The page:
Categories: Some contests tempt you by offering additional categories with your submission for a reduced fee. Be careful of your spending as costs will add up. Is this to your benefit or more to the contest organizers who make money from each submission?
Past Experience: If you’ve entered a contest two or three years in a row and your books never place in the finals, or reach the finals but never win, it might be time to save money and move on. Perhaps their judges just don’t appreciate your subgenre or style.

Here’s a watchlist that will help you make an informed decision: Watchdog Desk of the Alliance of Independent Authors

Keeping Track of Entries
How do you find these lesser known contests? Follow your author colleagues and see what contests they’re entering. Look on Facebook at your author friends sites for announcements of contest wins. Also check your local writing organization newsletter. Make a list for your book title of which contests might be appropriate to enter. Be sure to check for your work’s eligibility, entry deadlines, fees, judges and prizes.

When you enter, make a note of the contest name, the sponsor, the costs, the categories you’re entering, the date of submission, the format or number of copies sent, and the dates when finalists and winners will be announced.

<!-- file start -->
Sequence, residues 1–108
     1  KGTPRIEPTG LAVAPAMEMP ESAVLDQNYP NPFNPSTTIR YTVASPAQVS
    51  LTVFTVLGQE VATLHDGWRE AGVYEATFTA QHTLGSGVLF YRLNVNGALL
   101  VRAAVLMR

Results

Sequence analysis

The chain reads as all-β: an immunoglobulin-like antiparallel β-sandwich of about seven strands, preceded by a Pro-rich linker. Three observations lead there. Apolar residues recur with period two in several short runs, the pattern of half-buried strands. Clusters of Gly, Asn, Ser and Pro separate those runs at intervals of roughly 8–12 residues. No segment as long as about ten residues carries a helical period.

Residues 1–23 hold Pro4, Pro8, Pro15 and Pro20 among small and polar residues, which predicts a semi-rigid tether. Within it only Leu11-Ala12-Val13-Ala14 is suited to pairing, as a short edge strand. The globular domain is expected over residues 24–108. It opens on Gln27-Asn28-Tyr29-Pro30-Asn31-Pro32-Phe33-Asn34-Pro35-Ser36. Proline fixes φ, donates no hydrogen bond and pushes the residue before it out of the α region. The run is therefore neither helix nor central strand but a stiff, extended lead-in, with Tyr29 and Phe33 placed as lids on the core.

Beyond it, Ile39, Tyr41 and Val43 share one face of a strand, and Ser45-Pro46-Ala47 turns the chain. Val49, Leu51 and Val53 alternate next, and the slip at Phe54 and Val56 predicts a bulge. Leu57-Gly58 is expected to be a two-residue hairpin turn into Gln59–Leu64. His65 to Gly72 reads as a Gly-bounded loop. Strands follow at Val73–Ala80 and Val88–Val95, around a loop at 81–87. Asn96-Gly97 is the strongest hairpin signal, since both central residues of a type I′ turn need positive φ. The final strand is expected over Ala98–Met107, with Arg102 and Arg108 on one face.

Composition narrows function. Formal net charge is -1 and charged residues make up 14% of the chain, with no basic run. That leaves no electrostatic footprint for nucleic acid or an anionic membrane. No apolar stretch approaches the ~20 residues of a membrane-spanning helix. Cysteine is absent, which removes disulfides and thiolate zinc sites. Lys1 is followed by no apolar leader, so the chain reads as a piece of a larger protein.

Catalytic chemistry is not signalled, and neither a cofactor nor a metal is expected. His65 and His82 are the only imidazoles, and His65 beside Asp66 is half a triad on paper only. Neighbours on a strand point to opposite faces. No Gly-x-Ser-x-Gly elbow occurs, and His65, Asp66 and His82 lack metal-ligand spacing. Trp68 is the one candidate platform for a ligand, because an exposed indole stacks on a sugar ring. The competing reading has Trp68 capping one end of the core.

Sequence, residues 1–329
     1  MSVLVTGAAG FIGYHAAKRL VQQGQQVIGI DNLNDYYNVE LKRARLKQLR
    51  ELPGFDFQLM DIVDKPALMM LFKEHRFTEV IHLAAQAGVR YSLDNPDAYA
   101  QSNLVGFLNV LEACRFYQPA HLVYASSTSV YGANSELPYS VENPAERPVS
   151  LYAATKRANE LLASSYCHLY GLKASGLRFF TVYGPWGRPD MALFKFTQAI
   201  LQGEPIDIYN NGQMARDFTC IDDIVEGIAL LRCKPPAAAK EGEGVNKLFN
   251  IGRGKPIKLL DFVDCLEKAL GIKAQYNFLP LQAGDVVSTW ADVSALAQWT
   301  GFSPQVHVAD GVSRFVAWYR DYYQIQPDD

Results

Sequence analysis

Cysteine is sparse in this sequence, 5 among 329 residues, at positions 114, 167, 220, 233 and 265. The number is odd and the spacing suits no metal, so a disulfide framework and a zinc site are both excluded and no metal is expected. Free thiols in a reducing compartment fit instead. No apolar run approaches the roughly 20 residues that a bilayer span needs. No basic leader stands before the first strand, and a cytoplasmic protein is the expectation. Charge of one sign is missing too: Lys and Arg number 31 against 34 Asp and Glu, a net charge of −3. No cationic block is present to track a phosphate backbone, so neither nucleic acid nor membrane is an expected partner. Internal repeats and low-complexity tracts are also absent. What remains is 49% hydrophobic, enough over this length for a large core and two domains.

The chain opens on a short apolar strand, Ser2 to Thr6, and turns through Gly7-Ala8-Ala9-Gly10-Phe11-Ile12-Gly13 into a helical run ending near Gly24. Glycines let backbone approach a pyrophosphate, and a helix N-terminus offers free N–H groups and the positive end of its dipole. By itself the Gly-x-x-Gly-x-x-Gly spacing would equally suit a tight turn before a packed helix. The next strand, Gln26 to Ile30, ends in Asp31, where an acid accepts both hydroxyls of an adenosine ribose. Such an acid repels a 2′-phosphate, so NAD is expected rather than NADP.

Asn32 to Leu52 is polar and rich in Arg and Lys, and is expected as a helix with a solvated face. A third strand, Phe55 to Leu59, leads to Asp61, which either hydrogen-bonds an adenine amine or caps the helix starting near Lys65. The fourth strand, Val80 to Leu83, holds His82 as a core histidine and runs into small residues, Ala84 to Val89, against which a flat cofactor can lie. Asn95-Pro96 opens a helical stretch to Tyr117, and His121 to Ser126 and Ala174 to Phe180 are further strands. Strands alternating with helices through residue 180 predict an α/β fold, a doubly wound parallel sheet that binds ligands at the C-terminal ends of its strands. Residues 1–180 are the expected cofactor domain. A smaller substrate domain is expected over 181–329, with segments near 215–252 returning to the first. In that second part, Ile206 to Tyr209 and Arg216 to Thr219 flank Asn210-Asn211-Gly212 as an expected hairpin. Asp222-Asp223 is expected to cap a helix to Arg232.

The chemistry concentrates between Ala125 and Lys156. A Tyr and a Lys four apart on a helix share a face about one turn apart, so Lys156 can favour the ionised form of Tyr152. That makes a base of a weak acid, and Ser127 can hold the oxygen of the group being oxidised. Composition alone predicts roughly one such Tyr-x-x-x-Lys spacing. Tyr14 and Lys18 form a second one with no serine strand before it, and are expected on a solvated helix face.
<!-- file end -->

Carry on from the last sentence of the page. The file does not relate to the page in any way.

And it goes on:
In Conclusion
Making the semi-finals or finals of a contest where your book is evaluated against other works is an ego boost. It’s not easy to place against potentially hundreds of other authors, so consider it a well-earned reward if you do place in the top tier. Here are some of the badges I’ve earned and can proudly display on my website book pages.

Readers Favorite Gold Medal  Arizona Literary Award  Rone Award

 CIBA First Place  Royal Palm Gold Award  Top Shelf Winner

If the award doesn’t come with a badge, hire a graphic designer to create one for you or make your own.

Be happy to accept your kudos where you can get them and post about your successes. We want to celebrate with you.

Are writing contests for published authors worthwhile? #bookmarketing #pubtip Share on X

Authors, what do you think? Have you benefited from entering writing contests?